Climate change and land use changes are causing deep uncertainties in agricultural systems, and these are challenging the management of these systems, especially those using irrigation. A particular challenge in some regions is new dynamics in water tables that change risks from salinity. In the Shepparton Irrigation Region (SIR), which is the case my research centres on, salinity management infrastructure was put in place assuming a stable climate. Now, however, a long period of low rainfall has led local awareness of these risks to diminish, and the value and management of the groundwater pumps and drains put in place to remove saline groundwater to be questioned. New approaches are needed. In addition, managing saline groundwater through discharges to receiving waters raises the question of the receiving water’s ecological ‘health’. Also, shifts in agricultural practices are affecting the availability of water thus challenging the management of irrigation systems.
In this seminar, I will outline my proposed research project examining ways in which the irrigation system in the SIR could approach climate change adaptively, and what lessons we could draw from this for irrigation agriculture generally. Using an adaptive pathway analysis approach, an action research project will be carried out at SIR together with local stakeholders to evaluate adaptation pathways for irrigated agriculture, given the risks posed by climate change and by related and unrelated changes in land use.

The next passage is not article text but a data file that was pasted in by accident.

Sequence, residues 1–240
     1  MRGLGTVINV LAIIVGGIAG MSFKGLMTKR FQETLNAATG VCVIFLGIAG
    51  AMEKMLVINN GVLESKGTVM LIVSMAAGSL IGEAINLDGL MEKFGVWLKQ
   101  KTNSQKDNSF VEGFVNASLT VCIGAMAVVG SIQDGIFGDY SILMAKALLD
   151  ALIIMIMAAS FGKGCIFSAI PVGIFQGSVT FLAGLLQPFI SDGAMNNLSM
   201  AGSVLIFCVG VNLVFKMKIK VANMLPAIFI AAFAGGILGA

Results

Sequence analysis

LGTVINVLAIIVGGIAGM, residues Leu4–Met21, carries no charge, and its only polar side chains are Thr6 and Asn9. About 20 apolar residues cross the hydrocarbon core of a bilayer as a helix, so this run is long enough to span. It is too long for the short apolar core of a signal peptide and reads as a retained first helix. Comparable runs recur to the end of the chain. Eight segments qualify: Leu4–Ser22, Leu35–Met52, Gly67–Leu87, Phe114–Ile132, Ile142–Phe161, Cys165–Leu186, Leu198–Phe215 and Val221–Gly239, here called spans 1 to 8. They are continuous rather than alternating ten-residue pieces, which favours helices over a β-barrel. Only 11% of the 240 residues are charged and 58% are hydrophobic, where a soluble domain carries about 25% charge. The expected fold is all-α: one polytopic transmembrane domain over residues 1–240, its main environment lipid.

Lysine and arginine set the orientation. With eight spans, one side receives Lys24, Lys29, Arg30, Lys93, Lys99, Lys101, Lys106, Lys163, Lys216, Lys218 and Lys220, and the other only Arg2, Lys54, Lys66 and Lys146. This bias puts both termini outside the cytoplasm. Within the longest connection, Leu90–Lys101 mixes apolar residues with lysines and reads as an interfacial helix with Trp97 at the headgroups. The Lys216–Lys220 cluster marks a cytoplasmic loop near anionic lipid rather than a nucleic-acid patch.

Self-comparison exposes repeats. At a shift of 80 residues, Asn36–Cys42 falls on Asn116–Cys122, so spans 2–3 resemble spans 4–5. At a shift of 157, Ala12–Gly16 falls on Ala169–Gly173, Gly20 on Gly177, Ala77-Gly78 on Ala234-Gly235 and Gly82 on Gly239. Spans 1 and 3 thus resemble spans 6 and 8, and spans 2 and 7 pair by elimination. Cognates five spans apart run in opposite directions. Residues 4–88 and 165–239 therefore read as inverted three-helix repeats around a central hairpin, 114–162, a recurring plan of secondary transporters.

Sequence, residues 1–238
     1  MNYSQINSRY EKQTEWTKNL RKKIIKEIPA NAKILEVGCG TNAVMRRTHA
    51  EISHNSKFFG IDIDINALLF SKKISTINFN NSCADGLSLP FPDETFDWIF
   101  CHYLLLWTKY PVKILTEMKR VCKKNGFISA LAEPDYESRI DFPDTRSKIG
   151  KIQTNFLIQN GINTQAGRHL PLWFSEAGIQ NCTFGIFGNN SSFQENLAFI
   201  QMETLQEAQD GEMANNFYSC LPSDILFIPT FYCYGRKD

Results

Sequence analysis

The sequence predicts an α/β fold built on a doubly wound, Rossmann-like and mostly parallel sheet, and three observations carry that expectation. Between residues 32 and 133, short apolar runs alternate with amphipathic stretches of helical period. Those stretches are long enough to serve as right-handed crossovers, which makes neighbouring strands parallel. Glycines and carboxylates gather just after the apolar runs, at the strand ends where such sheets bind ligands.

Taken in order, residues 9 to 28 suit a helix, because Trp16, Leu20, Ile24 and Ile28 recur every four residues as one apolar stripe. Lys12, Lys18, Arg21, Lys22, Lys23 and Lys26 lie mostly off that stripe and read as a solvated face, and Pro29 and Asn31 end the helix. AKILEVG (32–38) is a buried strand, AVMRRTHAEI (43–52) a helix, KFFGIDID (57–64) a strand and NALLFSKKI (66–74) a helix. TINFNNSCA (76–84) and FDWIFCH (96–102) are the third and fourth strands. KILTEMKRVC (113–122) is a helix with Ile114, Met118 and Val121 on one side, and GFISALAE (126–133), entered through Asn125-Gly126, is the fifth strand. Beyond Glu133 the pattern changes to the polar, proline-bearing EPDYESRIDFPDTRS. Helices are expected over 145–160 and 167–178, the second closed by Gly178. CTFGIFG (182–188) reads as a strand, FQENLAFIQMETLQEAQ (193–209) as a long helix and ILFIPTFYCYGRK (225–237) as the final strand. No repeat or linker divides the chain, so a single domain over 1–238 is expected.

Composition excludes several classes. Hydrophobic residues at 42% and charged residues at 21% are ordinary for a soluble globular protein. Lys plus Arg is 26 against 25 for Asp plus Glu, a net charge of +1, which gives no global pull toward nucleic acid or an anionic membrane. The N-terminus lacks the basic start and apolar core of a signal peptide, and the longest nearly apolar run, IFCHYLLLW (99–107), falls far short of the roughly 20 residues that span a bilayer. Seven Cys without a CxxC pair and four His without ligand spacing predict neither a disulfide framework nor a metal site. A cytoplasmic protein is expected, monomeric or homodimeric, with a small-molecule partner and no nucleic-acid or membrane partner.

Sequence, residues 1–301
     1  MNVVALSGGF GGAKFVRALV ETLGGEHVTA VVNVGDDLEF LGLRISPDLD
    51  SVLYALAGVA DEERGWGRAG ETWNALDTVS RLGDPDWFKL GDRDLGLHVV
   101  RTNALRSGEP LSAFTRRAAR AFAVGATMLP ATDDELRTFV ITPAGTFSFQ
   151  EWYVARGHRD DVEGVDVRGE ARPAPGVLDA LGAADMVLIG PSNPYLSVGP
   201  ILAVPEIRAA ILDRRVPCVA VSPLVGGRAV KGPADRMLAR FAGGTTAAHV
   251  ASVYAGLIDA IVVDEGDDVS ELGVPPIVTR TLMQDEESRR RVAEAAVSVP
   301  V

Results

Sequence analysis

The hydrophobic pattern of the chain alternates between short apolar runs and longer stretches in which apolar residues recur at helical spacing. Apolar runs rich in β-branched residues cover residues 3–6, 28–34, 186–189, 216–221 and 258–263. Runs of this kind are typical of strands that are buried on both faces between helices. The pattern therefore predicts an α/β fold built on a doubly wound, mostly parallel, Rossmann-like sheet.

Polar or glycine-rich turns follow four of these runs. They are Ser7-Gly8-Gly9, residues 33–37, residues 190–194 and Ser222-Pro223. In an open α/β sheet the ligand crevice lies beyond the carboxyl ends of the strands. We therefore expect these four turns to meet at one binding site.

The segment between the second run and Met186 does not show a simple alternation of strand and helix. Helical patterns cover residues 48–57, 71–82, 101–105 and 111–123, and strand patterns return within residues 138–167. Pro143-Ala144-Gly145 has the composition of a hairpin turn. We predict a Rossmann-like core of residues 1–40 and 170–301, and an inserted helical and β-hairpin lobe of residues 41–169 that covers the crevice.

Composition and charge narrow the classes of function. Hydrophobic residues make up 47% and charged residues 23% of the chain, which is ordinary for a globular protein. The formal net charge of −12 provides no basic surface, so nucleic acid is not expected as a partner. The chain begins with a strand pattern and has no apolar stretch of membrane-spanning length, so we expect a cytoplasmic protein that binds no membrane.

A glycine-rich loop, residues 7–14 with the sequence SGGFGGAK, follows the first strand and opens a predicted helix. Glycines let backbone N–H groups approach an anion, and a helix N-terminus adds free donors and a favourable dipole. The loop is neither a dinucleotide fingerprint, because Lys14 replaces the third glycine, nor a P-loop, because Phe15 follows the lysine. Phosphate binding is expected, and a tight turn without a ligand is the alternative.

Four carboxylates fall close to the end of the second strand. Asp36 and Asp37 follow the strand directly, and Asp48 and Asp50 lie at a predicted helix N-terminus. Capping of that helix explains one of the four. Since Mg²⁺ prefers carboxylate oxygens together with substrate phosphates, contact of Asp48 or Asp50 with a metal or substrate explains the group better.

When: Thursday 5th May | 12–1pm
Where: Building W6A, room 107 Macquarie University
Dauglas is a first year PhD student in the Department of Geography at Macquarie University. His previous research looked at the impacts of climate change and population growth on the water supply and management system of Nairobi city, Kenya. He is passionate about water resource management and endeavours to explore and practice sustainable water management/governance in the Anthropocene, within the context of climate change.